If a person knows that you are a brother and yet he hates you in his heart, it proves that he is not a Christian. If he has seen five brothers and says, “I love four of them, but I hate one in my heart,” it proves that he is not a brother. We must realize that we do not love a brother because he is lovable but because he is a brother. We love him because he is a brother. This is the only reason for us to love. If a person knows that you are a brother and are of the Lord yet still hates you, it proves that he has no life in him. Here it says, “He who hates his brother is in the darkness and walks in the darkness.” He is in the darkness and he walks in the darkness. In other words, the Bible denies the possibility that anyone can hate his brothers; it does not accept this as a possibility at all. If you know that a person is a brother and yet hate him, you must say, “Lord, I am not walking in the light. I am in the darkness and am walking in the darkness.”
First John 3:10 says, “In this the children of God…are manifest. Everyone who does not practice righteousness is not of God, neither he who does not love his brother.” He who does not practice righteousness outwardly is not of God. In the same way, he who does not have an inward love for his brother is not of God. He who does not love his brother is not of God, because this love and this feeling are not in him. In this the children of God are manifest.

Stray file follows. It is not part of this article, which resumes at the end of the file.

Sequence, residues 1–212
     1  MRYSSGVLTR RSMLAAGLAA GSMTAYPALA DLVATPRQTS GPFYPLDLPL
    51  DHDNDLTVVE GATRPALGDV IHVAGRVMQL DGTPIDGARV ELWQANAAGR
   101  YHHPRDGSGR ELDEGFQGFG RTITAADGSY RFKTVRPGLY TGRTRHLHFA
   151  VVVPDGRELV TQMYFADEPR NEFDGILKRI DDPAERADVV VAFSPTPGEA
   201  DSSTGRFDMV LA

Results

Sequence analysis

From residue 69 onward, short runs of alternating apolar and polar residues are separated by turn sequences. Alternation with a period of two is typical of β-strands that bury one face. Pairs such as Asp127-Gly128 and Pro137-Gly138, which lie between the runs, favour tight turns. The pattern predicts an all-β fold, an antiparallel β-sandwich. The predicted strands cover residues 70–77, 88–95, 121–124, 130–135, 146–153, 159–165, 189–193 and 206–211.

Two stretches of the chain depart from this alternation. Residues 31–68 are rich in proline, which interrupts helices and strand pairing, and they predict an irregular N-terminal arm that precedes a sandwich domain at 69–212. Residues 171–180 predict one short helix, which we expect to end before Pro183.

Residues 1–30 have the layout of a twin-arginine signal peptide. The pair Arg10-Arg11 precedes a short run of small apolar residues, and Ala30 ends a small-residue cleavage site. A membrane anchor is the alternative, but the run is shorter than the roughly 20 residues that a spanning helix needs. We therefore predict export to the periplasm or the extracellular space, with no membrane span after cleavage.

Verse 14 says, “He who does not love abides in death.” This love does not refer to ordinary love but to the love with which one loves his brothers. If a person does not have such a love for the brothers within him, the Bible says that he “abides in death.” We can understand why a person has no feeling or attraction for other believers before he believes. But it would be very strange if, after believing, he still has no feeling or attraction toward other believers. His faith may not be that genuine. “He who does not love abides in death.” Formerly, such a person was dead. I am afraid that he is still dead because faith is based on love. Whether or not a person’s faith is genuine depends on whether there is love. Those who believe in God have a love for the brothers. If love is absent, it proves that the person still abides in death.